The release of the transcript of Jill Simpson's testimony before Congressional attorneys provides even more evidence to show that White House strategist Karl Rove was at the heart of political prosecutions by the Bush Justice Department, with the Don Siegelman case front and center.
Adam Zagorin, of Time magazine, has a second major report on GOP machinations in Alabama, and Scott Horton, of Harper's, notes that Zagorin's piece adds to a mountain of evidence that has been pointing to Rove for some time.
"The external evidence perfectly matches the allegations--the vigor of the prosecutorial inquiry was measured perfectly to whether Siegelman was going to contest the GOP's grip on the Alabama statehouse," Horton writes. "Moreover, Karl Rove's fingerprints are now well documented, and they are all over the Siegelman case."
Horton goes on to point out the pivotal role certain Alabama newspapers have played in trying to counter the Simpson testimony. "We should also consider the role played by The Birmingham News and the Mobile Press-Register in this entire affair, including their reporting the last couple of days. Given these recent revelations it seems to me that these papers were active participants in the coverup and the original plan to take down Siegelman."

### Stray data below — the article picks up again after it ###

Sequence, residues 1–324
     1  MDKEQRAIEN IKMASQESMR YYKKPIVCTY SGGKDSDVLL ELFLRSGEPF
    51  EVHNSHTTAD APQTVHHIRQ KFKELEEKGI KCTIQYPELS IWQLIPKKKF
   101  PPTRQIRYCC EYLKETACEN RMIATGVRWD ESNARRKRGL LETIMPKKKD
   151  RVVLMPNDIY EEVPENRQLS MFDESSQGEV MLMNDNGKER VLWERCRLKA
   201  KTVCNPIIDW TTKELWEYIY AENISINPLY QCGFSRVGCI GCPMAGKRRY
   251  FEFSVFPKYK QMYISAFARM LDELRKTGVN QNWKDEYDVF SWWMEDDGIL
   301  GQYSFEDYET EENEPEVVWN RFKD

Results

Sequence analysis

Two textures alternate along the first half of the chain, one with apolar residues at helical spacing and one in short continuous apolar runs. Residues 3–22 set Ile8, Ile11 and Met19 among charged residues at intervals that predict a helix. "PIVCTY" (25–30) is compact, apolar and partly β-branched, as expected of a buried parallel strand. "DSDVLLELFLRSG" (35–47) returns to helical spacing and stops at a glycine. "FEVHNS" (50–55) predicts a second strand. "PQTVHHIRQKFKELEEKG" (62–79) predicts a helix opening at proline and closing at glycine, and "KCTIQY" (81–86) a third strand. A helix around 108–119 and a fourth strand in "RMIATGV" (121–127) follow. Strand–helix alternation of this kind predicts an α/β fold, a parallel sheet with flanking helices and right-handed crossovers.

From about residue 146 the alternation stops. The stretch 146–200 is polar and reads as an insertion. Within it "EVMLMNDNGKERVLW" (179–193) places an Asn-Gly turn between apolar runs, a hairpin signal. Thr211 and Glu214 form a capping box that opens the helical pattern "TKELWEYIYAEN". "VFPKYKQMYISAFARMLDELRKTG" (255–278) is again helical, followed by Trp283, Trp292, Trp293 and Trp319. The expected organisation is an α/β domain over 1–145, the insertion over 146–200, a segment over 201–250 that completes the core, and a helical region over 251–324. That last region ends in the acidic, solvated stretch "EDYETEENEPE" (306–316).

So what does Simpson's testimony mean? "For months, the Alabama Republican machine has attempted to brush off claims about Rove's involvement as some sort of fantastic speculation," Horton writes. "Those efforts have just been exploded. We are one step closer to understanding why Karl Rove left the White House, and perhaps also why Alberto Gonzalez stepped down as attorney general. The Siegelman case is emerging, as we predicted, as the most damning exhibit yet in the story of the Bush Administration's use of the Justice Department as a partisan political tool."
A key word in that last sentence, I think, is "yet." As more and more information comes out about the Paul Minor case in Mississippi, I think we will see it rival the Siegelman case as the most flagrant example of a "political hit" by the Bush DOJ.
We turn to the Minor case next.